Saturday I ran on Palomar Mountain. I've only been up there once before and that was on a bike. I remember a slow grind to the top, and a long wait for the pros to summit, then a long, spaghetti curved, white-knuckle descent to the bottom. Running the thing is a different story.
I camped at the top with my family, and the first night of camping is never a restful one. The kids were rolling around the tent with stomachs full of s'mores, and the novelty of sleeping on the ground was still fresh. It was a cold night, colder than the 40 degree weather forecast, and I didn't sleep all that well. I woke up at 5:20, 10 minutes before the alarm. I was already in my running clothes, so I just had to slip on my shoes, grab my pack and go. The transition from lying prone to shuffling, to a slow walk, to something resembling a jog was eased along by the beautiful trails and the soft, early sun firing through the trees.
I started at Doane Pond on the Thunder Spring Trail. It's starts as a single track through the pine forest, then opens up to a wide, rolling, pine needle-cushioned trail that climbs over fallen logs and switchbacks to the Chimney Flats Trail and then onto the Silver Crest Trail to the Silver Crest picnic area. At the edge of the picnic area there were some pines lined against a drop. The early morning view from here was breathtaking. The marine layer was thick and quilted stretching from the base of Palomar to Tijuana to the south, Catalina Island and LA to the north, and a cloud-covered Pacific to the west.
I passed a meadow on the way to the Boucher Lookout and noticed a deer, not fifteen feet away, staring at me as I ran. It was young, no horns and it ran alongside of me for a few yards, but long enough for me to notice that the grace of a wild animal running through a meadow needs a different word; we were both running, but there was no similarity in what the two of us were doing. The deer turned toward me as we ran, and I thought it might charge, but it sped up and crossed the road in front of me. There were four or five other young deer that ran alongside, but at a greater distance. At that point I loved running, I loved 5 AM and the fact that there was no one there to share this experience with, because I'm sure I would have ruined it by saying "that was freaking awesome" or something else equally dumb.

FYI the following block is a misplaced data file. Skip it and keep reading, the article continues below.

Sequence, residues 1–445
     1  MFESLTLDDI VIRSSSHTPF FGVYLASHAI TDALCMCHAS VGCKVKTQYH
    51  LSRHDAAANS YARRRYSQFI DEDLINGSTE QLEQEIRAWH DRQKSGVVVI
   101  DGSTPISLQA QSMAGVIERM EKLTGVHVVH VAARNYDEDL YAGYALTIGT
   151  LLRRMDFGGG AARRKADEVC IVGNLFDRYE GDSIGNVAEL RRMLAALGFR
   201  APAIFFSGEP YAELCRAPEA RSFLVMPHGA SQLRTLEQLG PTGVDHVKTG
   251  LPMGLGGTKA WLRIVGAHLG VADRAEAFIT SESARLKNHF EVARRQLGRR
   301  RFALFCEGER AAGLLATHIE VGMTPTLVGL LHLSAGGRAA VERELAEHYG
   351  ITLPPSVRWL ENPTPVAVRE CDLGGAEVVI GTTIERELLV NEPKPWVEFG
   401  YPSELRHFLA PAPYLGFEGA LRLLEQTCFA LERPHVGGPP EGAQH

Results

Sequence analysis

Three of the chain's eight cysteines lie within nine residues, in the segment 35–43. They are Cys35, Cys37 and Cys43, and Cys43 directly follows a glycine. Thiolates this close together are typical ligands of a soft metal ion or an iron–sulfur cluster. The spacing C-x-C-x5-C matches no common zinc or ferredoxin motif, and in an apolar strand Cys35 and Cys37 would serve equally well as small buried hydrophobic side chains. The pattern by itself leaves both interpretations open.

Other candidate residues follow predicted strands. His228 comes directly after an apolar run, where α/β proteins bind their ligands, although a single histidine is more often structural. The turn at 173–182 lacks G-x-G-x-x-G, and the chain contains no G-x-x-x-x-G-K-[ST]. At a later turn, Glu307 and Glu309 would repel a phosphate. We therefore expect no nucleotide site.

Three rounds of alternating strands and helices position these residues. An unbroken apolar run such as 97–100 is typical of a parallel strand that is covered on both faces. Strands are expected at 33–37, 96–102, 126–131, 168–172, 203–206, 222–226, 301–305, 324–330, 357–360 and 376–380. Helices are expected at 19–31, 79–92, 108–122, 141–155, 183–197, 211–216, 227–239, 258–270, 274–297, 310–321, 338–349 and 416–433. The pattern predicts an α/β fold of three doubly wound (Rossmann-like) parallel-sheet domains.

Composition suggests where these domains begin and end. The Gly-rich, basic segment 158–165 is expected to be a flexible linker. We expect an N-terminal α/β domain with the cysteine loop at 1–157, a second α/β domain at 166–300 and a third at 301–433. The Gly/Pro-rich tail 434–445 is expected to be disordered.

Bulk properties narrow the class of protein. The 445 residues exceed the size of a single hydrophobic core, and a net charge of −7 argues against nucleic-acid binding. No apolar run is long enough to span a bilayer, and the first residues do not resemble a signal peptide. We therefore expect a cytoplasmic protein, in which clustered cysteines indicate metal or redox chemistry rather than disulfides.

I then ran the six miles down Harrison Grade to the base of Palomar Mountain and the Pauma Valley. I dove into the marine layer cloud cover just as it was getting hot. I guess toward the bottom it hit me that I was feeling really good, light and fast on my feet, and that I had to turn around and run the 6 miles back to the top.
My love for running switched to a bi-polar hate at the bottom, as I turned around and looked at the peak, about 4 miles and 3,000 feet away. I struggled on the way up, taking turns power-hiking and jogging, watching the 3 hour estimate I gave my wife the night before come and go, and expecting an emergency vehicle to come roaring around the next turn at any moment. It turns out that I was only about ten minutes off my pace, so no dramatic rescue for me.
I made it back to the camp as the kids were heading out to the pond, fishing poles in tow. Later, we all went for a hike and my wife pointed out the trees to the kids, old trees with deep wrinkles and hundreds of branches, spread across the trail, and through the sky.
|Early morning, into the pine forest|
|Chimney Flats Trail|
|Deer in the meadow|
|View from Harrison Grade|
Running with deer
Halfway down Harrison Grade